Israelis have no monopoly of feeling threatened. Residents of Greece, Spain, and a few other developed countries--including some from the USA--have trouble paying their bills, or looking forward to work and a vacation.
Israel''s economy is in pretty good shape. Not for all Israelis, but for most. Being Jews, many aspire to having more, but most can pay their bills and something like 30 percent manage an overseas holiday at least once a year.
When it comes to the tensions associated with terror or outright war, Israel leads the list of countries described as western, developed, and democratic.
Recent years have been quiet on the Palestinian front in terms of successful attacks. A stabbing death at a West Bank bus station at the end of April was the first terrorist killing since 2011. However, a casual reading of the Israeli press will show that almost every day a Palestinian is seized with a weapon or explosive, on the way to avenging something or someone. Or soldiers and the police find themselves dealing with a rain of stones or fire bombs at one of the popular spots for protest on the Palestine-Israel border. Often we go to sleep with the sound of explosives or gun fire from nearby Isaweea. Usually they are fireworks that accompany a wedding or a school celebration. Somewhat less than "usually," but not "infrequently," they are the stun grenades or the rifles used by the police while dealing with rambunctious Isaweeans who would plunder their way through French Hill if given the opportunity.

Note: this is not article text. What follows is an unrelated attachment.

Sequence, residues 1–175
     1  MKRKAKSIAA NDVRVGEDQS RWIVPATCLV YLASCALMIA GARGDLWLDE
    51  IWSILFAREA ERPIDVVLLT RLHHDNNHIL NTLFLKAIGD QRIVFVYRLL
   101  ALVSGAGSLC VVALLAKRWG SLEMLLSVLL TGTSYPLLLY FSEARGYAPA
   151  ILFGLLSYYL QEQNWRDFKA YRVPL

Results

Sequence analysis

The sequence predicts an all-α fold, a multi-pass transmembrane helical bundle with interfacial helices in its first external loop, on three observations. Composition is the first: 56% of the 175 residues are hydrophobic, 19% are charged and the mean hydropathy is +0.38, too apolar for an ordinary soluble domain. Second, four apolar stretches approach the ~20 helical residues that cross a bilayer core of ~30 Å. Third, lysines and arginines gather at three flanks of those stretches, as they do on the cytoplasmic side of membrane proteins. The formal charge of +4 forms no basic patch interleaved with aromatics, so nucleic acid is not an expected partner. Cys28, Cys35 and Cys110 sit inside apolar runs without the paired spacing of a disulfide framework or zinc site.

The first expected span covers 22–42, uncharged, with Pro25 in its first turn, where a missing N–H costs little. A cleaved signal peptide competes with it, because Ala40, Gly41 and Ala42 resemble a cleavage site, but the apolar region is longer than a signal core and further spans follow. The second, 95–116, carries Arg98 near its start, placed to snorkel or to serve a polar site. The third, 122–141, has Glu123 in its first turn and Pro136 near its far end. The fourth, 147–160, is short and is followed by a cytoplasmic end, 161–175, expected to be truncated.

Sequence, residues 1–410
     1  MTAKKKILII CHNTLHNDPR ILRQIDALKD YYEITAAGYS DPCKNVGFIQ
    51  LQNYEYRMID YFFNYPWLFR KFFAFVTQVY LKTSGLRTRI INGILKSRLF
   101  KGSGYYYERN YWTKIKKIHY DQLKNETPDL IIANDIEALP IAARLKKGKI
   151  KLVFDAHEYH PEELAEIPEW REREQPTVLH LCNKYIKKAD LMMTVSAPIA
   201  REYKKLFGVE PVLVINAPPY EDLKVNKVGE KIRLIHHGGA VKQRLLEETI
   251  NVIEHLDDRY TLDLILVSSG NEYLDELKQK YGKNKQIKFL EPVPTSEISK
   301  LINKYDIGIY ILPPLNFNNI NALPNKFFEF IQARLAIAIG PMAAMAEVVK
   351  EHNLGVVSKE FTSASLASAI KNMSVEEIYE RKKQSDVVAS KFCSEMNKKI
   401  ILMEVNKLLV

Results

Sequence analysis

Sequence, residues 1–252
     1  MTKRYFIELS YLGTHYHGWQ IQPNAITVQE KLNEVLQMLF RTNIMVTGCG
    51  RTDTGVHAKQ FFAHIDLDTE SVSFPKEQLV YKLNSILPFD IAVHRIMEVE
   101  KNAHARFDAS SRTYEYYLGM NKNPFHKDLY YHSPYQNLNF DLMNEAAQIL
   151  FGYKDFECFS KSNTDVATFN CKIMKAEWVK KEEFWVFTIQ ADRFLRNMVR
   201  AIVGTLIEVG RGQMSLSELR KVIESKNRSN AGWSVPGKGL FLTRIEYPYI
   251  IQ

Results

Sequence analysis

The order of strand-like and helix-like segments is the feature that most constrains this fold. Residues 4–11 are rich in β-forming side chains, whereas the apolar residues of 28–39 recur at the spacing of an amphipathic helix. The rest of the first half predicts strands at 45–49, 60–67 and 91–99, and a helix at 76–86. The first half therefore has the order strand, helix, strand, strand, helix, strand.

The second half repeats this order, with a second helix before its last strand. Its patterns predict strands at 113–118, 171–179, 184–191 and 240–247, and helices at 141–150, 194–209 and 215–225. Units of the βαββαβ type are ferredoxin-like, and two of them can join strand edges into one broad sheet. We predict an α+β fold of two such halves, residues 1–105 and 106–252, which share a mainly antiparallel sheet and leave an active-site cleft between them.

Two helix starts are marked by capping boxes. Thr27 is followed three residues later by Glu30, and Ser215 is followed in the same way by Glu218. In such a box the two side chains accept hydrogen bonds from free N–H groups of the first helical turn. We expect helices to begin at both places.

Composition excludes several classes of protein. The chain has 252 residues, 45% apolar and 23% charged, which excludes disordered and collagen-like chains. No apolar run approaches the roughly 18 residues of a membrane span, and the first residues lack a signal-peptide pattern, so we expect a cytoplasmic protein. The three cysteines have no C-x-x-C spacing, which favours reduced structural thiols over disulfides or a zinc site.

Currently the threat is greater than enraged individuals, and comes from the north. Syrian and Israeli officials are engaged in a war of words, threatening one another with massive damage. Involved in the verbal mayhem are Israeli air attacks against munitions in Syria meant for Hezbollah, occasional incidents alongside the border on the Golan where shots come from Syria--either from Syrian soldiers or rebels, and either by accident or design--with Israeli responses that so far have produced more Syrian casualties than suffered by Israelis.
Hezbollah is also joining in the fun, claiming to have the means of raining destruction on Tel Aviv. Iranians have not let the opportunity go by without their usual threats to end the Zionist incursion into their Muslim region.
Israelis are quarreling as to whether it was worth attacking missiles on their way to Hezbollah--and thereby provoking the Syrians and their allies--when Hezbollah already had enough missiles to do a great deal of damage.
Israelis defending the airstrikes--and talking about more of the same--by saying that it is always useful to limit the arms going to a terrorist organization.
Israelis are also blaming Americans for the uptick in border incidents and threats. Israel had not admitted the airstrikes. Newspapers here and abroad had described them coming from Israel, but the first official to describe it as an Israeli attack was an American, who was just plain stupid, spoke out of turn, or meant to cause trouble for us.